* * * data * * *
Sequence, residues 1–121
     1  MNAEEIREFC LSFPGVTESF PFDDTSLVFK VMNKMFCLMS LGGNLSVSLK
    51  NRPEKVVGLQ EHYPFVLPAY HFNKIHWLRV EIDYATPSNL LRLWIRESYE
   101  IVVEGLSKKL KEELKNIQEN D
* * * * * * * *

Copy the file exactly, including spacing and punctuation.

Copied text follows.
Sequence, residues 1–121
     1  MNAEEIREFC LSFPGVTESF PFDDTSLVFK VMNKMFCLMS LGGNLSVSLK
    51  NRPEKVVGLQ EHYPFVLPAY HFNKIHWLRV EIDYATPSNL LRLWIRESYE
   101  IVVEGLSKKL KEELKNIQEN D